When you read a molecular biology textbook, it’s hard not to be amazed by the elegance and precision of cellular machinery. Everything is so logical, sequential, and organized to work properly. DNA templates self-copy and encodes RNA, which encodes proteins that do all kinds of work in a cell and organism. Francis Crick, who postulated this sequence, coined a term ‘the central dogma’ for it. And ever since ‘dogma’ became a buzzword for any fundamental assumption in molecular biology. But as with many assumptions in physics in the beginning of XX century, now many of these biological ‘dogmas’ are becoming obsolete. A recent review in Nuclear Acids Research discusses the premises for another dogma to fall.
Since the beginning of genomics age, scientists believed, based on numerous observations, that in eukaryotes one gene after being translated to mature messenger (m)RNA, encodes one and only one protein. According to this hypothesis, the translation initiation site is marked by specific sequence(s) and the protein synthesis starts with AUG codon. The evidences for that are very strong and the mechanism is simple, partly because of Occam’s razor principle. Otherwise biologists would have no idea how would a ribosome know where to start protein synthesis. All the large-scale studies of human genome and proteome were based on these core assumptions.
However, currently the number of ‘outliers’ from these rules has grown to the point where it is uncomfortable to ignore them. There are all sorts of alternative proteins encoded upstream, downstream or in overlapping but shifted reading frames of the same mature mRNA with annotated sequences. Not just that, there are peptides translated from long non-coding RNAs, once considered to be just a ‘junk’ (yet another dead dogma)!
The other obsolete concept is that AUG codon is absolutely required for translation initiation. From virology it was known for some time that some mRNA can fold into peculiar secondary structures, internal ribosome entry sites (IRES). Ribosomes in a host organism recognize these structures and begin translation of viral proteins. But when researchers took an unbiased look into human and mouse proteome, what they found was astonishing. Only about a half of translation initiation sites corresponded to unaltered AUG codon!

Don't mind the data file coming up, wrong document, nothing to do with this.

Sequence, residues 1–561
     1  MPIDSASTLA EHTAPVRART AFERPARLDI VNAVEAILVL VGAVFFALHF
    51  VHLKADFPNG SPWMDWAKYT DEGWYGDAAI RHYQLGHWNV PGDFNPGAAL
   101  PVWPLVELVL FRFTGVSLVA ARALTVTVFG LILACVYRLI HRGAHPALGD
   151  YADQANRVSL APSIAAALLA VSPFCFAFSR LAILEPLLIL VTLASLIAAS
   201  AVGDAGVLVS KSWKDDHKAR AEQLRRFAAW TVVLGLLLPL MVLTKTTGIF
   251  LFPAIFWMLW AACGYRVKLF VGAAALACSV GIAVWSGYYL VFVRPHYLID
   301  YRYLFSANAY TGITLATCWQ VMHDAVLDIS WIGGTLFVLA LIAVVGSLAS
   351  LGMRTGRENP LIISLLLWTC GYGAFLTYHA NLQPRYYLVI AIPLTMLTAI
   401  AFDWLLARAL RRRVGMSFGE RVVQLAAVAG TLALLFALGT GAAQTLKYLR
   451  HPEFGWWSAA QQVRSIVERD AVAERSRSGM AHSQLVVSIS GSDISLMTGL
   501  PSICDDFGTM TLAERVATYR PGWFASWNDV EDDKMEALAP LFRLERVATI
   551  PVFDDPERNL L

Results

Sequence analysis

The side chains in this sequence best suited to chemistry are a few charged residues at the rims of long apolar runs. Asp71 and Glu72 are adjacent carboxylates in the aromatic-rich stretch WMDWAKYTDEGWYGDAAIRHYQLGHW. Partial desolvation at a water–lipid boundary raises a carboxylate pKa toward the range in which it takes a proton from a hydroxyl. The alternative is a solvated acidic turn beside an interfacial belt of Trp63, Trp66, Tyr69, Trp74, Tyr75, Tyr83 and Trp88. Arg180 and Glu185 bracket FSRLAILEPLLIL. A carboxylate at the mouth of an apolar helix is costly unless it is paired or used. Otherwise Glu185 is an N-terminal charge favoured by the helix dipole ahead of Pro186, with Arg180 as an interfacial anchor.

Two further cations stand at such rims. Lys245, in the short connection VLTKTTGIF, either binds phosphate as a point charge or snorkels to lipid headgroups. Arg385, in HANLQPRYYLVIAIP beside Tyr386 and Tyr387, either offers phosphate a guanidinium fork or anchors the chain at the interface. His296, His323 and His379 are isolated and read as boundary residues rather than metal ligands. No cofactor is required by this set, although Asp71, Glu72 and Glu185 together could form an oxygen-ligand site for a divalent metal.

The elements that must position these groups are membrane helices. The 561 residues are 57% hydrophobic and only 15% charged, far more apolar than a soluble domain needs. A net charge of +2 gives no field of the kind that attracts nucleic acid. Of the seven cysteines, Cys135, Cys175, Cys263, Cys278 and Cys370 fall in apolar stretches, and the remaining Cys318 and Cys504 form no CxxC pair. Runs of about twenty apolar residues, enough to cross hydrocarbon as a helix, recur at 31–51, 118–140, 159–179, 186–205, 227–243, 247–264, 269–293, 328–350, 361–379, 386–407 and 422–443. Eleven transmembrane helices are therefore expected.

There are physiological and pathological consequences of such non-AUG translation. On physiological side, researchers speculate that co-localization of several functionally bound proteins on the same mRNA regulates their homeostasis as a functional unit. On pathology side, a phenomenon known as repeat-associated non-ATG translation (RAN translation) produces malignant proteins in myotonic dystrophy, Huntington’s disease, and amyotrophic lateral sclerosis.
So there is a need for mechanistic explanation to incorporate all the observed outliers. The most obvious and simple is to admit that scanning for translation initiation sites is not working precisely as 1s and 0s in binary logic. There’s always a chance that ribosome will start translation ‘prematurely’, without the canonical sequence and starting codon, or will miss the sequence and will start translation later. This faulty process is currently termed ‘leaky scanning‘. Another possible mechanism is ribosome shunting, which allows physical bypass of the normal initiation site.
So conceptually it looks like biology moves in the same direction as physics once did, from defined particulate matter to fuzzy, probabilistic wavefunctions. It’ll be interesting to see if this will help to create a unifying theory of living matter, maybe via borrowing some insights from physicists themselves.